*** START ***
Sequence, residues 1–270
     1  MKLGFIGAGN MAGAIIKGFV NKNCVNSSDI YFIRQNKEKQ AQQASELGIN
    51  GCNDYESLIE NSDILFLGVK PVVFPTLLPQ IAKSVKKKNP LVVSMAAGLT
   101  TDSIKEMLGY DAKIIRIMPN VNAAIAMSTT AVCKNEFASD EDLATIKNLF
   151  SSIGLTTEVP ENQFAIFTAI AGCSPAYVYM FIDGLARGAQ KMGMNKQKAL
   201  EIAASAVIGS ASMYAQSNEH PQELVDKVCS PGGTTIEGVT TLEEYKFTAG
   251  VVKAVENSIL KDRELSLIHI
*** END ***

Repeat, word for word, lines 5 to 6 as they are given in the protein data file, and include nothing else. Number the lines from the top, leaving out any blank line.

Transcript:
   151  SSIGLTTEVP ENQFAIFTAI AGCSPAYVYM FIDGLARGAQ KMGMNKQKAL
   201  EIAASAVIGS ASMYAQSNEH PQELVDKVCS PGGTTIEGVT TLEEYKFTAG